The Met wanted to know what they could do with these keywords, and with Wikimedian in Residence Richard Knipel (User:Pharos) in house, they turned to the Wikimedia community as one of their main partners. Andrew Lih was brought on to assist in the strategy and development of using artificial intelligence and machine learning with the dataset and Wikidata. At the hackathon, Andrew worked with Jennie Choi, The Met's General Manager of Collection Information and Nina Diamond, Managing Editor and Producer along with Microsoft Researchers Patrick Buehler, J.S. Tan and Sam Kazemi Nafchi to train a machine learning model on Microsoft Azure that could predict labels for artworks. Using the Met's roughly 1,000 word art vocabulary, and representative images to help train the model a proof of concept app was developed at the hackathon. The results were impressive enough that Andrew finished the creation of a Wikdata Distributed Game - Depicts to connect the subject keyword recommendations to Wikidata.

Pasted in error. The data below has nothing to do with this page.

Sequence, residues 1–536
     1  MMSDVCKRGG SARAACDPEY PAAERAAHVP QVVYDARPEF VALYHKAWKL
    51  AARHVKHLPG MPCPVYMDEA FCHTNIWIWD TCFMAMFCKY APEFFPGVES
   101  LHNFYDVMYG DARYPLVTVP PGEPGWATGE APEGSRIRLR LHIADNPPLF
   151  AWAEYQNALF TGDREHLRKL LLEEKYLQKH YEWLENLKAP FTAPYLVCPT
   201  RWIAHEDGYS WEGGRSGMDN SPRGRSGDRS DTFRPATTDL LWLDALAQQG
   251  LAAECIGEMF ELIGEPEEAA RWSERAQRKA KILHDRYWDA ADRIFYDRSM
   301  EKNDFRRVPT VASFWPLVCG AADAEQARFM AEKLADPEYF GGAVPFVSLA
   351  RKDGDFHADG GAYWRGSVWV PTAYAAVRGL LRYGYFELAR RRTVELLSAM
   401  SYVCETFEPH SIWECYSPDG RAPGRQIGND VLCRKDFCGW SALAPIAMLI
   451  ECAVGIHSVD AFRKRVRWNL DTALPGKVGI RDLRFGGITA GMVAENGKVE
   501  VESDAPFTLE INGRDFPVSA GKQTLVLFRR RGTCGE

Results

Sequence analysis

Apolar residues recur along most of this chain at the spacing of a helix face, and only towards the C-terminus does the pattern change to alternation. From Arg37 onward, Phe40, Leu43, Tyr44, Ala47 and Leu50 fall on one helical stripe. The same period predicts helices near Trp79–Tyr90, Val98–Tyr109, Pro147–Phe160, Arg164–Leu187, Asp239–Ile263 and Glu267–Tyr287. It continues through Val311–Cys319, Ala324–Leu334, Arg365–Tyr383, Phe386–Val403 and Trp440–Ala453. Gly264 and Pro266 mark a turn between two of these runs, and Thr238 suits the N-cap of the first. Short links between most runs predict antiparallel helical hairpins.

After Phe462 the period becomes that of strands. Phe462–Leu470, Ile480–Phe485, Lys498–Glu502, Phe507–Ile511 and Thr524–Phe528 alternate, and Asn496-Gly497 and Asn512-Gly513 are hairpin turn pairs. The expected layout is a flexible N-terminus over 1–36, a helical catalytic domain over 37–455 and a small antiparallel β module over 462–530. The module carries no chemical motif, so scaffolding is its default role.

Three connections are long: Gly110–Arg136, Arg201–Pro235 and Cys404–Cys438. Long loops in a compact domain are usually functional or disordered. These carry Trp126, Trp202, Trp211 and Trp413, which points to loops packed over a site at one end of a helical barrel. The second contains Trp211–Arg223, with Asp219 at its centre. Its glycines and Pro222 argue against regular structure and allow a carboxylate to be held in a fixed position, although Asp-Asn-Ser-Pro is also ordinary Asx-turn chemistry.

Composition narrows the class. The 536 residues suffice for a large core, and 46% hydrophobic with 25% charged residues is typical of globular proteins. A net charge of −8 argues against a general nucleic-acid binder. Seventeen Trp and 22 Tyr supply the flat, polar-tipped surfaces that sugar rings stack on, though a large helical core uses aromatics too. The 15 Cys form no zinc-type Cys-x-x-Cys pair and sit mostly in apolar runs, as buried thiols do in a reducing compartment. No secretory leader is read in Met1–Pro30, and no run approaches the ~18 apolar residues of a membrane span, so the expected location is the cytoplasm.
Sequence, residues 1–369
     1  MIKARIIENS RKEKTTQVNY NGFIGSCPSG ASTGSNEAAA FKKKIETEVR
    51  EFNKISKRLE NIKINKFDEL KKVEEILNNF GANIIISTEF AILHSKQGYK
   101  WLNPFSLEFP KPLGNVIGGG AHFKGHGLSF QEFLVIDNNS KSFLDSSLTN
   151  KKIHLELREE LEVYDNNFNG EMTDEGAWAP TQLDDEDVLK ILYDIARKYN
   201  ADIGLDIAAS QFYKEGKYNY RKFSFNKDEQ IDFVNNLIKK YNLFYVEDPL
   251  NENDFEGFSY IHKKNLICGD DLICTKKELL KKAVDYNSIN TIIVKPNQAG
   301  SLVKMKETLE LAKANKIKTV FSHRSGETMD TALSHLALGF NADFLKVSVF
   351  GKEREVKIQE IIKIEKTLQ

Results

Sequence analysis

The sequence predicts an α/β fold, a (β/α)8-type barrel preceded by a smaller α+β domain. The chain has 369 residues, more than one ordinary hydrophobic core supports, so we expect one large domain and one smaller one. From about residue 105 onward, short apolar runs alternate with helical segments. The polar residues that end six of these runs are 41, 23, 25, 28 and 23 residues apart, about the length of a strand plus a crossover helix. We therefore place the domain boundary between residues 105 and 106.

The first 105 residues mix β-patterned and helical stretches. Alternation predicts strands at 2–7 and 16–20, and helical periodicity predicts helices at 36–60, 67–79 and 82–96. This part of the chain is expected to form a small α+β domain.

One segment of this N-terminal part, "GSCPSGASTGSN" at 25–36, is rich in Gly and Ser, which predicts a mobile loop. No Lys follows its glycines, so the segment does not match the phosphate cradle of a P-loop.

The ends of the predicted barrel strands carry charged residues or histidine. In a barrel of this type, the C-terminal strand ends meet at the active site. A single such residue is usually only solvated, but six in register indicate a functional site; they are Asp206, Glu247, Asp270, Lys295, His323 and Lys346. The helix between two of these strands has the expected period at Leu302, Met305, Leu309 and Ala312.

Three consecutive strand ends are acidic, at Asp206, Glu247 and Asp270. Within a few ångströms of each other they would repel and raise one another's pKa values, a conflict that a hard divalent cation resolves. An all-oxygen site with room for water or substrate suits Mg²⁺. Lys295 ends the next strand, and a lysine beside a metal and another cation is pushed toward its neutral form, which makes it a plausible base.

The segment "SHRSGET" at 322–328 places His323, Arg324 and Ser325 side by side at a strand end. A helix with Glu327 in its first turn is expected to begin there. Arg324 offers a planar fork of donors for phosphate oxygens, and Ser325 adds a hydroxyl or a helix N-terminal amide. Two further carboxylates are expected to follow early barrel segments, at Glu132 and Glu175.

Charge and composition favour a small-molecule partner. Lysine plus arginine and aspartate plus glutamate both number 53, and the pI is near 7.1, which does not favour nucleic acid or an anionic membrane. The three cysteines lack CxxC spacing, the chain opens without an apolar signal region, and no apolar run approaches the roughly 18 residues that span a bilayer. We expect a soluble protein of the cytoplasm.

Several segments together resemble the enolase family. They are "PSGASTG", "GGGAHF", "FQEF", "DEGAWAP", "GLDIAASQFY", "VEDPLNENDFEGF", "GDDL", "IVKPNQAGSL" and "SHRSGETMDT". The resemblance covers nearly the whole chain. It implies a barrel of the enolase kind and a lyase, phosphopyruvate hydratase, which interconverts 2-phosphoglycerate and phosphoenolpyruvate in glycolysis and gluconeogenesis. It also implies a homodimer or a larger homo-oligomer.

In the weeks after the hackathon, Andrew worked with The Met to create a crosswalk database of their art thesaurus terms to Wikidata items. The game was further refined, and on January 31, the first candidates generated from the AI system were fed to the Wikidata Game and Wikimedia community members added AI-generated statements to Wikidata. It is believed to be the first use of deep learning in computer vision for the Wikidata community (and possibly beyond).